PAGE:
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[02.21.2011 by Bridget Doyle]

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 » The Top 30 Albums of 2010 - Fashionably, fabulously late, our favorite music (and believe me, there was a LOT) of 2010, the year that some have called the best year for music ever. And only some of those fools work here. Plenty of usual suspects, lots of ties and a few surprises that I won't spoil, including our unexpected #1.
[12.24.2010 by The LAS Staff]

MUSIC

 » Live: Surfer Blood/The Drums at Lincoln Hall, Chicago, IL - Remember when Weezer used to put together records that you could sing along to and rock out to? That's what Surfer Blood's show was like!
[11.04.2010 by Cory Tendering]

Music Reviews

Screaming Females - Castle Talk
»Screaming Females
Castle Talk
Don Giovanni
Trent Reznor & Atticus Ross - The Social Network [Original Soundtrack]
»Trent Reznor & Atticus Ross
The Social Network [Original Soundtrack]
The Null Corporation
Deerhunter - Halcyon Digest
»Deerhunter
Halcyon Digest
4AD
No Age - Everything in Between
»No Age
Everything in Between
Sub Pop
Robyn - Body Talk Pt. 1/ Body Talk Pt. 2
»Robyn
Body Talk Pt. 1/ Body Talk Pt. 2
Konichiwa
The Walkmen - Lisbon
»The Walkmen
Lisbon
Fat Possum
Max´mo Park
A Certain Trigger
Warp Records

Rating: 8/10 ?


June 1, 2005
Depending on your temperament, the legacy of the Clash can be infuriating. Their most conventionally famous song is constantly misinterpreted by the public-at-large; clueless suburbanites might unwittingly think they like the Clash because of their breakout pop songs, never knowing anything about their well-deserved badge of honor. While the annals of punk prove otherwise, their deceptively pleasant singles overshadow their legendary status to the 'unhip parents' of the world - damned if they can't write an insanely catchy tune.

Max´mo Park seem aligned with the Clash in that way, as their exterior is downright likeable but their sensibilities are far stronger than they let on. It's clear to the discerning ear they secretly listen to ill-fitting punks like Morrissey, the Cure, the Jam and the Clash. The band comes off as quietly rebellious because of what comes out of their mouths, but they keep a low profile because they don't exactly care if they socialize. And that's what makes them great. Their barbs are punctual, their hidden depth is like a delicious secret, and they find glory and attention despite themselves.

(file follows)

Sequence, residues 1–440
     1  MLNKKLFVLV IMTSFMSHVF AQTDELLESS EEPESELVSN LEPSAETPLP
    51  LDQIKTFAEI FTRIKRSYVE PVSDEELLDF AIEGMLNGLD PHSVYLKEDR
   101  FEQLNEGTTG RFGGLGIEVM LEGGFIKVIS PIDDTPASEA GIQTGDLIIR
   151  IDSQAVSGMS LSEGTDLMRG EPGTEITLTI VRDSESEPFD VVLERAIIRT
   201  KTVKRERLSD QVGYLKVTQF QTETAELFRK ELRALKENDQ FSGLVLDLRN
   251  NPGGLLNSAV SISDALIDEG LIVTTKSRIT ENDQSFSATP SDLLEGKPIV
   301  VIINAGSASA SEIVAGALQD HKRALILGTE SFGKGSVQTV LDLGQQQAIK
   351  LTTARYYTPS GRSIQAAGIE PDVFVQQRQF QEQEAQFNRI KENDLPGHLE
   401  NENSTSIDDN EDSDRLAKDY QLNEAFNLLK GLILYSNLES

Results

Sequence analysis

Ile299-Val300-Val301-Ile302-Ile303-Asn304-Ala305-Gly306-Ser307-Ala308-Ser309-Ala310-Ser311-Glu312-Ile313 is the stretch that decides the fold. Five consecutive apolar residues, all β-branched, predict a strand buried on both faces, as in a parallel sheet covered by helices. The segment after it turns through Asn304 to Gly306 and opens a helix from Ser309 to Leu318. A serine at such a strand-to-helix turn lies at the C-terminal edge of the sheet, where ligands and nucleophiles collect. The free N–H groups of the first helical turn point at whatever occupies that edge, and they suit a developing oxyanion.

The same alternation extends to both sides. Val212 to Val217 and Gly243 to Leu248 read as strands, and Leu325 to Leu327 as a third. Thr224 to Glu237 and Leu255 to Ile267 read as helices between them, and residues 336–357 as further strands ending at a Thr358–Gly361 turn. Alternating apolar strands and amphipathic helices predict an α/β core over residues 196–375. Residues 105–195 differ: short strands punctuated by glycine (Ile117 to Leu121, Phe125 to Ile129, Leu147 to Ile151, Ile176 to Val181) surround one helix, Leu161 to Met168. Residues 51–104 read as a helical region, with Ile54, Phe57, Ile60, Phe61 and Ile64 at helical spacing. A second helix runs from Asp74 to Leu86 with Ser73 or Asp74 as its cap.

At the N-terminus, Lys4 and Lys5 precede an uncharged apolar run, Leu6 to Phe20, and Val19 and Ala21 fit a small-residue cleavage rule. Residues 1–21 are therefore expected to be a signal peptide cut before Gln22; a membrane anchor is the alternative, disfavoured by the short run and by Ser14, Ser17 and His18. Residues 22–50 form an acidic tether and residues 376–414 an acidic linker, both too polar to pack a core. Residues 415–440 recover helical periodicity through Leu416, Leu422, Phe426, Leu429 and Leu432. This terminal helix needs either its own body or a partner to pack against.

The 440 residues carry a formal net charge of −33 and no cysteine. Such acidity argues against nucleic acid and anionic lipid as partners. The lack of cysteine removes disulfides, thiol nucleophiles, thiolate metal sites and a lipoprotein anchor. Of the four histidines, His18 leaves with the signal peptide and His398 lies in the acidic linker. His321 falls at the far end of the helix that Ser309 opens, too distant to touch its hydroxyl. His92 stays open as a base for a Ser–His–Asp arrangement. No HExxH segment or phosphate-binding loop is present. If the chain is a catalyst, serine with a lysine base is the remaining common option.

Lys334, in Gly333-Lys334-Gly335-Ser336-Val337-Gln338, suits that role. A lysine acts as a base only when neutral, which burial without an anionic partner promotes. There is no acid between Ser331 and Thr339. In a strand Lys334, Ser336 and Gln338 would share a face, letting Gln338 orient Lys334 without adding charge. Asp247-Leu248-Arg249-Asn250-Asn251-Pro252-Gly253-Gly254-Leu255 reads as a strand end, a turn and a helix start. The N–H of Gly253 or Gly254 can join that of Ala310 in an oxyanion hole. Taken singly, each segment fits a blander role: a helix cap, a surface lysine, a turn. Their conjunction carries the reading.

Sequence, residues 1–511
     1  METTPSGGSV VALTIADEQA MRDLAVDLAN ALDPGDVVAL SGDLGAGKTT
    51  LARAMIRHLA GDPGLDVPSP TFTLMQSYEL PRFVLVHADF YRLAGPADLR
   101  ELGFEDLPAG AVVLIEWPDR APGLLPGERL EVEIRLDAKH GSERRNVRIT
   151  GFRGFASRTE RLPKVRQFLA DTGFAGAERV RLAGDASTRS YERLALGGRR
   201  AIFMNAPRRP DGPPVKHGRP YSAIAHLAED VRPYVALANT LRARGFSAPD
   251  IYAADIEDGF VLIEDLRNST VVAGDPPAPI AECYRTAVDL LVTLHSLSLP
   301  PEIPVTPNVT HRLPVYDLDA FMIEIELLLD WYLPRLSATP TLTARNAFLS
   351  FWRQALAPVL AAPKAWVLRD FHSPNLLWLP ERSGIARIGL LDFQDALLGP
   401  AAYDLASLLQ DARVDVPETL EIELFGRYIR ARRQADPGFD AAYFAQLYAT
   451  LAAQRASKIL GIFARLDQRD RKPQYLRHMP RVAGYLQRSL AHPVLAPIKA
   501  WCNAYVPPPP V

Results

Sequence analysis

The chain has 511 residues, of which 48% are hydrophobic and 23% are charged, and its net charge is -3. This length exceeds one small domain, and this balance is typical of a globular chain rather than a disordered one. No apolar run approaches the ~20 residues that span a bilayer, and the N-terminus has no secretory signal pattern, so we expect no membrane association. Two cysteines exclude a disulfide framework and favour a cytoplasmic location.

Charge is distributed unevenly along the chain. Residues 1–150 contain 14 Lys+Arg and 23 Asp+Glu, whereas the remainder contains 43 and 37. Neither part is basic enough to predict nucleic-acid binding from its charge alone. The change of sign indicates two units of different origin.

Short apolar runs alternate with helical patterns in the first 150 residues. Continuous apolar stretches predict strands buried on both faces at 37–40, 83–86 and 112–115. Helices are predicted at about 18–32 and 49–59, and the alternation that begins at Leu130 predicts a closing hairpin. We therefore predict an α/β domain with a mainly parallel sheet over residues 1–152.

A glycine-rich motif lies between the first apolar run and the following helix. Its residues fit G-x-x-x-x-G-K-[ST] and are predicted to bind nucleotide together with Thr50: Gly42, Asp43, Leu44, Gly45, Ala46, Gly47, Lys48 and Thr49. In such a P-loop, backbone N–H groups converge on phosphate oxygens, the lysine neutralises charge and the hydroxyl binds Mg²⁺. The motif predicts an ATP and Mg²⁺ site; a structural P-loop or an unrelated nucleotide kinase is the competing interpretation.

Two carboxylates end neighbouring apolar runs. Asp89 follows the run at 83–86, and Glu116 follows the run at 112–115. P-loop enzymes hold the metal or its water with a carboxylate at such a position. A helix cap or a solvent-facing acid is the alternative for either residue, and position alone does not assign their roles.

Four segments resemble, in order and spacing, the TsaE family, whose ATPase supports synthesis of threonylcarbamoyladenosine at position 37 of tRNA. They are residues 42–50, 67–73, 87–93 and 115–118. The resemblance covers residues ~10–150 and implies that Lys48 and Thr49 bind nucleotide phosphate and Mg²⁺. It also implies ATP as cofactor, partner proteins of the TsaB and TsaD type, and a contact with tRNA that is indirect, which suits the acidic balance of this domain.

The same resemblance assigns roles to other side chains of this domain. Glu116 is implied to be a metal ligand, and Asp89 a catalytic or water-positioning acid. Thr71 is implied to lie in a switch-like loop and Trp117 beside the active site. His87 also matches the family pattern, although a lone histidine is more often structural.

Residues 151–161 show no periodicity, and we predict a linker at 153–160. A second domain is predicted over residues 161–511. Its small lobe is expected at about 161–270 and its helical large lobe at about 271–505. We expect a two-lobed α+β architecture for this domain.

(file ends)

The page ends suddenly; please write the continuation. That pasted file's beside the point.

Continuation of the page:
A Certain Trigger is a strong release from its opener on, though it has noticeable shifts in momentum, with a second, rousing tour de force in its closing tracks. Its first highlights at the album's top-end showcase their ability to slip into the contemporary radio popularity contest fairly effortlessly: "Signal and Sign" is a post-Devo New Wave tune with a surprisingly rough undercurrent, made fresh with commercial-ready chatter and snappy synth additions; "Apply Some Pressure" embodies the disaffected punk attitude quite handily as it slides into an oddly cool, rolling and catchy place.

From there, however, the album's second segment, from "Graffiti" to "I Want You to Stay", steals the scene more quietly. These tracks are the arty center of A Certain Trigger, doubtlessly its heart. They are brilliantly understated, lippy and dangerous with an undeniably feminine side. Definitely more introspective in tone, they do not sizzle as the previous singles do; their ability to seethe, articulate and be reluctantly swept up in romantics is perhaps more interesting than the snap and crackle of the openers.

This point is debated, then, by the aforementioned second wind of the album - its last third melds the effortlessness of the band's prominent singles with the intricacy and thoughtfulness of its cascading numbers. A Certain Trigger ends impressively, empowered by detail, intellect and skill. As it warms up, moving from the album's deliberate core by way of the loose, swaggering cowboy machismo of "Limassol", it passes to jangly territory, revealing Max´mo Park's rightful status as artful punks. "The Coast is Always Changing" and "The Night I Lost My Head" hint at Cureish doldrums toward broader appeal; the result rivals Interpol but is more concerned with bar fights than clothing racks. "Once, A Glimpse" is a fabulous Clash-style epic that proves the album's supremacy once and for all, splendidly hogging all attention; the spiny, Smithsy "Now I'm All Over the Shop" picks up momentum to allow the closer, "Kiss You Better," to revel in almost majestic snarkiness, bringing final punctuation and emphasis to the band's sarcastic eloquence.

As it ebbs and flows, A Certain Trigger's differences make it special, though its only lapse - the buzzing, exotic drone of "Acrobat" - is perhaps too different to be digested. It is preferable to think of this cut as a sidestep rather than a misstep considering Max´mo Park's strength in versatility, but it does feel out of place in this varied but consistent work. The track may provide an interesting clue to where the band is next headed and just how wide-ranging its influences truly are, but after the pulse-jumping, thoughtful electricity of this debut, it's hard to wish for anything but a continuation. For now, Max´mo Park symbolize every sharp-tongued music aficionado, cynical introvert and shy, insightful poet we've all befriended or become in our lives; they are beloved underdogs we can all rally behind.

Reviewed by Sarah Peters
A former music editor and staff writer for LAS, Sarah Peters recently disappeared. Perhaps one day she will surface again, who knows.

See other reviews by Sarah Peters

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